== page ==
With turbulence in global markets reaching boiling point thanks to a deepening of the eurozone debt crisis and pessimism about the ability of the US to keep its finances in order, risk shy investors have flocked to gold as a safe haven investment. With the yellow metal reaching new highs it might seem that gold hasn't got have much further to rise. However, analysts are convinced that as long as there is uncertainty, gold will continue its upward climb. So it's not too late to up your exposure and with gold mining equities significantly lagging bullion, a fund investing in the former could be the best way.
The sky's the limit
Last week, gold traded at an all time record-high of $1,662 with predictions that it could hit $1,800 within weeks and $2,100 by Easter.
Tom Hall, co-manager of the BlackRock World Resources Income Fund, comments: "The current fundamentals in the gold market are supportive of these higher prices. The key factors that have been driving investment demand for gold - concerns about sovereign debt burdens, the long-term value of certain reserve currencies and fear of persistent inflation - are likely to continue for the foreseeable future."
Another factor supporting gold's upward trajectory is the insatiable demand from emerging markets. "The rise of emerging markets has also provided a floor for gold prices - central banks in emerging economies are looking to diversify their surplus funds away from the US dollar in particular and are buyers of gold at the margin. Similarly, increasingly affluent consumers in these countries are also playing their part in the gold story - demand for jewellery has historically been one of the main drivers of the gold price," says Ayesha Akbar, manager of the Fidelity MultiManager Growth Fund.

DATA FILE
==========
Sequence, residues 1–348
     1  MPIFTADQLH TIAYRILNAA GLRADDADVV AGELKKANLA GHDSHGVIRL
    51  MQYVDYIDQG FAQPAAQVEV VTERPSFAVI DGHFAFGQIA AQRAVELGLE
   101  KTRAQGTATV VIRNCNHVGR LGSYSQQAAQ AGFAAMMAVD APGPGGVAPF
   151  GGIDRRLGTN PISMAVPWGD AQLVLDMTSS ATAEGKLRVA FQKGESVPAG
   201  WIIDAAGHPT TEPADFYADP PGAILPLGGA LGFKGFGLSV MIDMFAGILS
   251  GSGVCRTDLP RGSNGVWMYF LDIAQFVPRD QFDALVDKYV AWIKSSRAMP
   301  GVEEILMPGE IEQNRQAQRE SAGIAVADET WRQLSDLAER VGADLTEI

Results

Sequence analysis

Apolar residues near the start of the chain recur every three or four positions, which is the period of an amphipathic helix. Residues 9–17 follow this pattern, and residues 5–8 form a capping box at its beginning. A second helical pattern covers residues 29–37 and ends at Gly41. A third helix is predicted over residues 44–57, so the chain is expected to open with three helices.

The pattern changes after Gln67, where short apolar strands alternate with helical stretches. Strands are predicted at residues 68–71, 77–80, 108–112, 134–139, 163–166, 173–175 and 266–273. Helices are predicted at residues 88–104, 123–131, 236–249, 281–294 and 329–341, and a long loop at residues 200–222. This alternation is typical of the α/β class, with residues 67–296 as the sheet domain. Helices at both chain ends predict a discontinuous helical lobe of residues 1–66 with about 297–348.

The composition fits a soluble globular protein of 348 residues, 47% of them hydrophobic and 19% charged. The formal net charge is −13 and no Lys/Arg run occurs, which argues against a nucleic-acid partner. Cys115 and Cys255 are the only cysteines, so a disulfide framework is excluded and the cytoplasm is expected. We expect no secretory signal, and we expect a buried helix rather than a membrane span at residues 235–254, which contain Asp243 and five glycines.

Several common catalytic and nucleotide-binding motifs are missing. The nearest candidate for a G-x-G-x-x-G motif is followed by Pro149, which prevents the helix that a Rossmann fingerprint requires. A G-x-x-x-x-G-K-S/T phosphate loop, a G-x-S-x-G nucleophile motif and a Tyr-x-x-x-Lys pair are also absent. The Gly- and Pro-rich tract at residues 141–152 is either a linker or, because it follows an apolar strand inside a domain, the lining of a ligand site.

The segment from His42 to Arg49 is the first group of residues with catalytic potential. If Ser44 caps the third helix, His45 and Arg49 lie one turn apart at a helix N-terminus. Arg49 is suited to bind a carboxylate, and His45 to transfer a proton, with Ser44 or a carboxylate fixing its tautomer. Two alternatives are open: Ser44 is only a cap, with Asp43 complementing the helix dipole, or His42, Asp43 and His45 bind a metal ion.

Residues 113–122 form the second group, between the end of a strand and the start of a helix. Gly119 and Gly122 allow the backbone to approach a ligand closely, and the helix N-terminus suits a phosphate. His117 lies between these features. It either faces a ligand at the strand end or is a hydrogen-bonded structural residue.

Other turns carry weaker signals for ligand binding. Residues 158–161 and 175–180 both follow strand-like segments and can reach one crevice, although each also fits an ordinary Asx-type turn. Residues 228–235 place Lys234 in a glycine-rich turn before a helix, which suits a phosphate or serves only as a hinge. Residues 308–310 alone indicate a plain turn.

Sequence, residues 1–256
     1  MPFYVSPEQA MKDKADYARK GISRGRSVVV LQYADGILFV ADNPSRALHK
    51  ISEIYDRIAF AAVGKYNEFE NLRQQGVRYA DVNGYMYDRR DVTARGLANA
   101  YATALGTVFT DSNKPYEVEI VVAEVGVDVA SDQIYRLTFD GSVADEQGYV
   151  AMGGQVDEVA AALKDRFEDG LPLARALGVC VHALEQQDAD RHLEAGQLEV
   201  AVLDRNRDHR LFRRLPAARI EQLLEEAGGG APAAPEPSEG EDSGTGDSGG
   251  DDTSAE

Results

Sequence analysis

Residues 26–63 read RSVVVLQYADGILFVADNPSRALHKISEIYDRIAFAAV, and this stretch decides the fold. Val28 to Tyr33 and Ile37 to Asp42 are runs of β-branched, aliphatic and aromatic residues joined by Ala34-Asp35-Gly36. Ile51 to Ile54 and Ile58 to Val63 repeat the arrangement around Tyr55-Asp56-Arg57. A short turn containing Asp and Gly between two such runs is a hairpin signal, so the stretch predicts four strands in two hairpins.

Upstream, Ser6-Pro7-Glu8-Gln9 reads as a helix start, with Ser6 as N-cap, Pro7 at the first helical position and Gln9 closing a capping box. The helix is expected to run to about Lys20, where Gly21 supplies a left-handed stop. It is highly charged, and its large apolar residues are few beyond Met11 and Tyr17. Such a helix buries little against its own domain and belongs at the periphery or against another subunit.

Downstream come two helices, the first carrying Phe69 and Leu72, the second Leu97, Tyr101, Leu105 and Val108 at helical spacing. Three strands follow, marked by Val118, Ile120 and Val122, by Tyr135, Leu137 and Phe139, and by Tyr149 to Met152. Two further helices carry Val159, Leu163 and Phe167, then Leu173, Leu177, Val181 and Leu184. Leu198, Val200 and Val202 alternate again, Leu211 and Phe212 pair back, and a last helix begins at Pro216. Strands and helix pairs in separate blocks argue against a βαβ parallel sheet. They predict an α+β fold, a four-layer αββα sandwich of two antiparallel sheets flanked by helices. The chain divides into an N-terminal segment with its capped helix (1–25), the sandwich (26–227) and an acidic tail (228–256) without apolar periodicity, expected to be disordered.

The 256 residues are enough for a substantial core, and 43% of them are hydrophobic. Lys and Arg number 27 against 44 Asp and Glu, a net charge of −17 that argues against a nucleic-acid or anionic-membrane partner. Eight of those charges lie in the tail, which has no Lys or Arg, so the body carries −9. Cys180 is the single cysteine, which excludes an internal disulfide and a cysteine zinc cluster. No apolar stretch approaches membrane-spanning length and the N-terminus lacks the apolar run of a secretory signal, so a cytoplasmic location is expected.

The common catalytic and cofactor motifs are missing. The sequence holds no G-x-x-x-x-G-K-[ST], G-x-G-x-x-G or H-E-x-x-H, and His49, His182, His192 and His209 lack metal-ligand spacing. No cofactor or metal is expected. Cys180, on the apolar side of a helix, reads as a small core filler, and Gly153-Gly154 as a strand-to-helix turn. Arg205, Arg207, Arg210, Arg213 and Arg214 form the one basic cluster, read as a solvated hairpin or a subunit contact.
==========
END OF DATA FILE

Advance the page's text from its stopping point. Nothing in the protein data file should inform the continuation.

Central banks are now net buyers of gold - the World Gold Council last year recorded no central bank sales - the first time since they began recording in 1989. In 2010 the IMF sold 403.3 tons of gold which was bought almost entirely by emerging markets such as India, China, Sri Lanka and Bangladesh. Very recently the Bank of Korea bought 25 tons of gold.
Of course there are threats to gold's rise. In South Africa, gold producers are facing numerous pressures - wage negotiations are underway resulting in strikes while a strong rand and political pressure for more government intervention in the sector is adding to gold mining companies' woes. But the biggest risk to gold overall is an increase in real interest rates. If this happens the opportunity cost of holding gold will encourage investors to sell the metal. However managers like Mr Hall are confident that the interest rate and exchange rate environment will remain bullish for gold.
Increasing portfolio exposure
Gold's attributes - a real asset which retains its intrinsic value - make it a valuable strategic asset that investors can use to manage risk during periods of economic uncertainty.
Fund managers, including Fidelity's Anthony Bolton, like to describe gold as a currency rather than a commodity, which races ahead when paper currencies are weak.
"The two stories dominating markets right now are the spectre of European sovereign defaults and the raising of the debt ceiling in the US. Both of these have implications for the euro and the US dollar, and it is therefore not surprising that investors are looking for alternatives to currency and gold has fulfilled this role for millennia," says Mr Akbar. Simply put: There is no default risk with gold.
The arguments for holding gold are manifold and well-recited - but do investors have enough exposure to the yellow metal?